Metal Pieces In Kraft's Macaroni & Cheese Isn't The Weirdest Reason Food Was Pulled From Shelves
By now you've probably heard about Kraft's massive Macaroni & Cheese recall, which pulled 6.5 million boxes of the orange-colored cheesy goodness off shelves. Kraft issued the voluntary recall on Tuesday after consumers found small metal pieces in the boxes. While the prospect of biting into and swallowing small metal pieces when you're just trying to enjoy some artificial mac and cheese is indeed terrifying — and every parent's worst nightmare — it's hardly the only scary object that's been found in a food product. Through the years, recalls have been made over even more dangerous, and bizarre, objects.
The recall comes after at least eight consumers reported finding metal pieces in boxes of original flavor Kraft Macaroni & Cheese. Luckily, no injuries have been reported in connection with these reports. The company issued the following statement in conjunction with the recall:
They also provided information on how to obtain a refund for those who had purchased the recalled items — 7.25-oz. boxes of the original flavor with "best when used by" dates of Sept. 18, 2015 through Oct. 11, 2015, with the code "C2" printed below the date.While nobody wants to find sharp shards of metal nestled in their elbow pasta, Kraft's latest recall joins a long line of recalls that were made over not-so-edible objects. Frozen frog frittata, anyone?
Blue Polyurethane Balls
In February 2013, King Arthur Flour voluntarily recalled a limited number of its bags of flour because consumers found small blue polyurethane balls in them. The balls are used in the sifting process and somehow ended up in the final product. Luckily, they had no sharp edges and were easy to spot — come to think of it, it was probably like finding a toy prize in a bag of flour.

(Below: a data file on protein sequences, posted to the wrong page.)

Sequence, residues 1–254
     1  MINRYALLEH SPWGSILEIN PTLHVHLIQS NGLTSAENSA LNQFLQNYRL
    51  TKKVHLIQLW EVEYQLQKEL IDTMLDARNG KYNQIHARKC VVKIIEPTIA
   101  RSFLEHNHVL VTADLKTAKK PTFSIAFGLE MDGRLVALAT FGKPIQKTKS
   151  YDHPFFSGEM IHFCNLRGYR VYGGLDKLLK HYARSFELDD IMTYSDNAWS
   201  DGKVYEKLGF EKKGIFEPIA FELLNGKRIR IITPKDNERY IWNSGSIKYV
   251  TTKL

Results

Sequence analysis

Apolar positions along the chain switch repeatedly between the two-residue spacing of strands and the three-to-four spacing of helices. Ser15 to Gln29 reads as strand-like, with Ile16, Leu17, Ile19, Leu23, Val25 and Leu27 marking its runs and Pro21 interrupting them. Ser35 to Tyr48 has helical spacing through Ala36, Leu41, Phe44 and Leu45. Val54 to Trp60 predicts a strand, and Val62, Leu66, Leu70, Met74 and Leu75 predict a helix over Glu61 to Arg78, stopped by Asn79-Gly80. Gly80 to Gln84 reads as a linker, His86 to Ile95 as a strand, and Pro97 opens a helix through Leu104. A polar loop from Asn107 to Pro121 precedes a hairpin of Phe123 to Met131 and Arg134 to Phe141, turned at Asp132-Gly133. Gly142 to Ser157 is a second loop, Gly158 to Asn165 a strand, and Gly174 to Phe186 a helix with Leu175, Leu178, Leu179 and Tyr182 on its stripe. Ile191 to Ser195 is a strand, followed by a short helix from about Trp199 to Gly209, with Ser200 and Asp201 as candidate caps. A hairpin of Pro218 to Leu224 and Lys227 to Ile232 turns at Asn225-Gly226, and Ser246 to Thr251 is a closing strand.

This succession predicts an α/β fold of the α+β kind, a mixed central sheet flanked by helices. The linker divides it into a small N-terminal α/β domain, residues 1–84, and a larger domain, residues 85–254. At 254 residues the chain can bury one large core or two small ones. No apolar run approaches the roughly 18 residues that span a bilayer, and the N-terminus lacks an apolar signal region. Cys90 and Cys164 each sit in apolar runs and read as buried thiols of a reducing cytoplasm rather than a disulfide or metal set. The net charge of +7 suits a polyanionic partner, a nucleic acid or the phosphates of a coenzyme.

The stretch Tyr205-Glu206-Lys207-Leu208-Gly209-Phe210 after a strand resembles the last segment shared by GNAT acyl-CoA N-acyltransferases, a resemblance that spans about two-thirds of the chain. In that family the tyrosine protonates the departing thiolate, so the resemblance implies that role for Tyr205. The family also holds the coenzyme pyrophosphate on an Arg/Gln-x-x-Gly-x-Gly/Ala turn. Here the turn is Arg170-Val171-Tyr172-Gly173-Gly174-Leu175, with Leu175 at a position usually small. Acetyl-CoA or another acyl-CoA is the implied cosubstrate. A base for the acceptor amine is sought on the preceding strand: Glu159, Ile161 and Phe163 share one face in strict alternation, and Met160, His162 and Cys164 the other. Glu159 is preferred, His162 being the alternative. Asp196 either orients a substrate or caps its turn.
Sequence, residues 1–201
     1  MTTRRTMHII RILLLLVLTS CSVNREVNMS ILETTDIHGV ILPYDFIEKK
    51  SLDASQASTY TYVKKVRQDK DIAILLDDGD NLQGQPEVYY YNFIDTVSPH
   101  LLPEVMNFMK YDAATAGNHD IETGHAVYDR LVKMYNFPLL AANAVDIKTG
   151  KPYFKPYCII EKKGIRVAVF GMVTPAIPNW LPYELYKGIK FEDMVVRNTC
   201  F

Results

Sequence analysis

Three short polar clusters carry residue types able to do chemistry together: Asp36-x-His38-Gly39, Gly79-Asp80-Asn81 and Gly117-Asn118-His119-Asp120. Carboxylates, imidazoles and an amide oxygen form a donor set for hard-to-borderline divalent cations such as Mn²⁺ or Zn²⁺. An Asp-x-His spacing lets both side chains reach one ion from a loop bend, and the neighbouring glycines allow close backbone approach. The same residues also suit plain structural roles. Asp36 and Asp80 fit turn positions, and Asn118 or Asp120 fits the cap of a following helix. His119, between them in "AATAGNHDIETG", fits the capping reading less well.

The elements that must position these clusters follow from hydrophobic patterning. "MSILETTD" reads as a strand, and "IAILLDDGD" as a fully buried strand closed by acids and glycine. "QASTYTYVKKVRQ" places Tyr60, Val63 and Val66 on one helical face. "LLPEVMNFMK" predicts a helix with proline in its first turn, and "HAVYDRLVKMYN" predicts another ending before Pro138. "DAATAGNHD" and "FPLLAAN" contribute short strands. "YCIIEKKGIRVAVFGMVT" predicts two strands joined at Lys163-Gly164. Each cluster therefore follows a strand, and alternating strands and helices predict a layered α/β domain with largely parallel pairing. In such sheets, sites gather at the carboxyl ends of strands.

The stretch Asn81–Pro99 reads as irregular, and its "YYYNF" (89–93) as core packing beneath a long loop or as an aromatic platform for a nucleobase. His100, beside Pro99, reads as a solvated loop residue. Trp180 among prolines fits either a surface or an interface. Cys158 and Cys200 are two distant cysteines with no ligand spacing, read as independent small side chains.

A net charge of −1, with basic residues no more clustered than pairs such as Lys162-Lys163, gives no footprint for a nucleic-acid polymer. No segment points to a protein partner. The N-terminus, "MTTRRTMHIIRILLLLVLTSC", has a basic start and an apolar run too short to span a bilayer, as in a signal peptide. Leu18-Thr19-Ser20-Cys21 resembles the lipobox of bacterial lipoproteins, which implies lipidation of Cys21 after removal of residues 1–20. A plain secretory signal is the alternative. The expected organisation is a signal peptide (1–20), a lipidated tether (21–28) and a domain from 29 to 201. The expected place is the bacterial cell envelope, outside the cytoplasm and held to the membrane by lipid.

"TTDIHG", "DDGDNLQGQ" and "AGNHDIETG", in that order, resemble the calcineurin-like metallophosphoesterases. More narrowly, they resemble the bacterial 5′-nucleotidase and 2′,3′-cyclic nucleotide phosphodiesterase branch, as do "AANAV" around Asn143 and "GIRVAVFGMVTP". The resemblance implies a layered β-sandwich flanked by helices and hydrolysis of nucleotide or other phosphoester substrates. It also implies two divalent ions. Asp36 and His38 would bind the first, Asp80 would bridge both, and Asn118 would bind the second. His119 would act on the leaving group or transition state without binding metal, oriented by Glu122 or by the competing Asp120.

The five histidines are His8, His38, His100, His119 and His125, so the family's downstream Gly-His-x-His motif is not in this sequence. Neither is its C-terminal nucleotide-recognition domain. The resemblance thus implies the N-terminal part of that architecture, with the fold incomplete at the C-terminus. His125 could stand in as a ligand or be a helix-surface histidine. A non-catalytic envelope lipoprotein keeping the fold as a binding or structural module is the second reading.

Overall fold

Sometimes, it's not the manufacturer's fault at all. In January 2003, a supermarket in Grand Rapids, Michigan, recalled 1,700 pounds of ground beef after 111 people became sick with nicotine poisoning. After an investigation, a grand jury indicted a store employee for contaminating 200 pounds of meat with an insecticide that contained high amounts of nicotine. The employee reportedly wanted to get his supervisor in trouble.
Though the poisoning could have been fatal and affected approximately 40 kids and a pregnant woman, luckily nobody died or suffered long-term effects.
In October 2010, a Michigan couple found an unpleasant surprise in their bag of Meijer's store-brand frozen vegetables — a frozen frog. After the couple reported their discovery to the media, Meijer issued a recall of the frozen vegetables and inspected each bag. Imagine absentmindedly dumping that bag into a giant frittata and serving it at a dinner party — because that could have happened.
Glass In Baby Food
In 1986, Beech-Nut Nutrition Company recalled thousands of cases of baby food after consumers reported finding glass in the jars. Like the nicotine poisoning case, the FDA determined that the glass stemmed from deliberate contamination.
Around the same time, the FDA also received more than 100 reports of glass found in Gerber baby food. However, instead of recalling its products, Gerber allowed its jars to remain on store shelves.
Say it ain't so! In 2013, IKEA recalled its famous meatballs — aka the best part of shopping at IKEA — after horse meat was discovered in them. The Swedish furniture company recalled 1,675 pounds of meatballs from its locations across Europe after tests done in the Czech Republic detected the horse meat.
Tiny Creature Found in Tuna
This might not have prompted a recall, but it's still worth mentioning because nobody was able to say for certain what this thing was exactly. Last month, a British mom was about to make dinner for her kids with Princes canned tuna when she discovered something in the can looking back at her. It was a small creature with bulging black eyes that kind of looked like a cartoon — it would have been cute if it hadn't been hiding in their dinner.